This course introduces students to different types of risk assessments (e.g., actuarial and structured professional judgment) used with adolescents and adults in the human services arena. Topics will include in-depth exploration of risk approximation as it relates to self-harm, future violence, familial violence, sexual predation, and trauma exposure. Students will become familiar with the intended use, potential for misuse, and limitations accompanying varied risk assessment tools and methods across different settings. Students will explore the theoretical and research findings that guide the development, selection, and implementation of risk assessment procedures that are relevant to the specific referral question and case. Students will be equipped to select, rate, and utilize information gathered from risk assessment instruments in the field of human services.
HSV 567 Trauma and its Impact on the Family System 3 credits
Trauma and other adverse life events can impact entire family systems, resulting in significant distress for all immediate and extended members. Regardless of the type of trauma experienced (e.g., intergenerational trauma, parental abuse or separation, death of a loved one, collective trauma, witnessing a traumatic event, etc.), the adverse effects can be wide-ranging, long-term, and contribute to a host of social, emotional, behavioral, and physical health challenges. When such issues have not been properly identified and supported, impacted families are at an increased risk of attachment and communication breakdowns, conflict, separation, and familial violence. This course will examine the implications trauma exposure has on families involved in criminal justice, forensic behavioral health, and human service settings. Strengthening family resilience and Trauma-specific interventions and approaches to support those impacted by trauma and adversity will be discussed during this course to promote stability, increase resilience, and heal within the family system.
HSV 578 Trauma Informed Practice, Self-Care, & Resilience Strat for Human Service & Teleconsulting Care Prof 3 credits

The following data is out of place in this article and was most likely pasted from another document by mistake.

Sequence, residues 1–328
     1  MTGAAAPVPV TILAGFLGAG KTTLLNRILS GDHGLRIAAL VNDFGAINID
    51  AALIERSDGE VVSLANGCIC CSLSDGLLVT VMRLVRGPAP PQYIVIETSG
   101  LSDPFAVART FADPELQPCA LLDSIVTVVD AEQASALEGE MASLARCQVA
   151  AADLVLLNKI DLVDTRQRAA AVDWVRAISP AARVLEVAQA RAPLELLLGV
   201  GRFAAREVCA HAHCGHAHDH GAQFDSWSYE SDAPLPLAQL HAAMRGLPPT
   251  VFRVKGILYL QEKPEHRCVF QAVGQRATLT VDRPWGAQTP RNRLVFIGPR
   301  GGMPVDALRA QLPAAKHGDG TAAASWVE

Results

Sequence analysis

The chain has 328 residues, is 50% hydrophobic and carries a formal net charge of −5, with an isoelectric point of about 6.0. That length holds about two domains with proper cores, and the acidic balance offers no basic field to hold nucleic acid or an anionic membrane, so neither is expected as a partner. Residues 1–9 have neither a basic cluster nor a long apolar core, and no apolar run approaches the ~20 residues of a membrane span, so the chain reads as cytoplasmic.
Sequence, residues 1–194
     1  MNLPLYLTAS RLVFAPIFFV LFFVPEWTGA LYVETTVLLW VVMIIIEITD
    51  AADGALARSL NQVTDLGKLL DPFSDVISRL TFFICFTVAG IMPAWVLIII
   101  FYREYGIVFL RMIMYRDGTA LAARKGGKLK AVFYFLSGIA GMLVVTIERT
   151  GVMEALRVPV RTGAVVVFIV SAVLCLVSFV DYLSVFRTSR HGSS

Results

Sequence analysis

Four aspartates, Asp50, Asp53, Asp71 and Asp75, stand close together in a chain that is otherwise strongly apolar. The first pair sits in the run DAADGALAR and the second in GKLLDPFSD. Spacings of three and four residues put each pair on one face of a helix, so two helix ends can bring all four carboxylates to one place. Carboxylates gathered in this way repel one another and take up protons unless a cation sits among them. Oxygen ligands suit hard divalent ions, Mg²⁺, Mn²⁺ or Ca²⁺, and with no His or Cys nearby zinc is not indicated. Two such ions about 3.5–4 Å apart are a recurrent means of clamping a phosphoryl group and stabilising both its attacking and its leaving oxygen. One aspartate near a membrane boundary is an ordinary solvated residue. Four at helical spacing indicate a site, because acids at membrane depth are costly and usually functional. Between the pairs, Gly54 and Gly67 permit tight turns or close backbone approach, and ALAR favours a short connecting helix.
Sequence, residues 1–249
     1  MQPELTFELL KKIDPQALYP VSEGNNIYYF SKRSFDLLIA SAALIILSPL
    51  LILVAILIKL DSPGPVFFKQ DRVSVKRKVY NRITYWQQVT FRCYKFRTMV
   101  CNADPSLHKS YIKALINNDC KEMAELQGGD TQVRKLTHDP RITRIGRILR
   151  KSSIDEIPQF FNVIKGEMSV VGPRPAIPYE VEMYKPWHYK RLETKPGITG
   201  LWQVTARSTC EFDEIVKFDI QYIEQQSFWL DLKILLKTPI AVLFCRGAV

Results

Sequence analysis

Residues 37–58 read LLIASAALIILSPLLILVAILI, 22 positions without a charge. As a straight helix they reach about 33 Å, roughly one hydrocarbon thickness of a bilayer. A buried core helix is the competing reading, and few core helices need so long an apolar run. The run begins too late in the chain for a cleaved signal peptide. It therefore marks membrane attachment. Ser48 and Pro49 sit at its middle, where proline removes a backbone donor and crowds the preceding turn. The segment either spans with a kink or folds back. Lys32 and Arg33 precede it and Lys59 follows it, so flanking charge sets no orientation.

Professionals working within various criminal justice, forensic behavioral health, and human service settings are frequently exposed to traumatic and stressful contexts. As such, it is imperative for professionals employed in these settings to practice ongoing self-care and maintain a high level of resilience. This course focuses on examining ways for professionals, including practitioners who provide teleconsultation services and organizational leaders, on building resilience and self-care practices (e.g., incorporating deep breathing, meditation, sleep, nutrition, work-life balance, limiting media and screen time exposure, etc.). Emphasis will be placed on topics including burnout, secondary and vicarious trauma, and compassion fatigue. A section of this course will also review the psychophysiology of resilience, stress, empathy, validation, joy, gratitude, happiness, and sleep and the implications these topics have for the helping professional.
HSV 585 Cultural Awareness and Understanding for the Human Service Professional 3 credits
This course provides the foundational knowledge and increases the awareness and skills that contribute to culturally competent practice in human services. The course will sharpen the critical thinking skills necessary for cultural competency as it highlights the intersection of cultural diversity, behavioral health, and criminal justice involvement. The course will also build self-awareness of cultural identity and how this can affect the provision of human services. An in-depth look at specific criminal behaviors (e.g., family violence) and how culture impacts these particular behaviors as well as influences involvement with corrections will be explored.
HSV 590 Forensic Behavioral Health Law for the Human Service Professional 3 credits
This course will examine the relationship between behavioral health and the legal system and discuss the various roles that human service professionals can play in the forensic behavioral health law arena. Topics include competency, expert witness testimony, courtroom testimony protocols, and the insanity defense. Case studies and scenarios will be used to enhance the student’s understanding of the law as it relates to the mentally ill. Issues involving mentally ill offenders and developmentally impaired persons who commit crimes be addressed. The stages of a criminal case and exploration of therapeutic courts (i.e., drug, DUI, and mental health) will be included.
HSV 595 Research and Capstone 3 credits
This course is the culminating final project in this program of study. Students will complete a 40-60 page integrative paper on a scholarly topic relevant to the practice of human services in forensic behavioral settings. (Prerequisite: Final Course in Program)